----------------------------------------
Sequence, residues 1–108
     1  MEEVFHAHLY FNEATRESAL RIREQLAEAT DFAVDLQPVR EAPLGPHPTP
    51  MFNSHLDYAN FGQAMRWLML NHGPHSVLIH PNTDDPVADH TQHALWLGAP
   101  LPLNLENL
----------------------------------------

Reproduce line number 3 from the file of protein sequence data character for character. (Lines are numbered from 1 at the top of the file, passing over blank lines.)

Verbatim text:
    51  MFNSHLDYAN FGQAMRWLML NHGPHSVLIH PNTDDPVADH TQHALWLGAP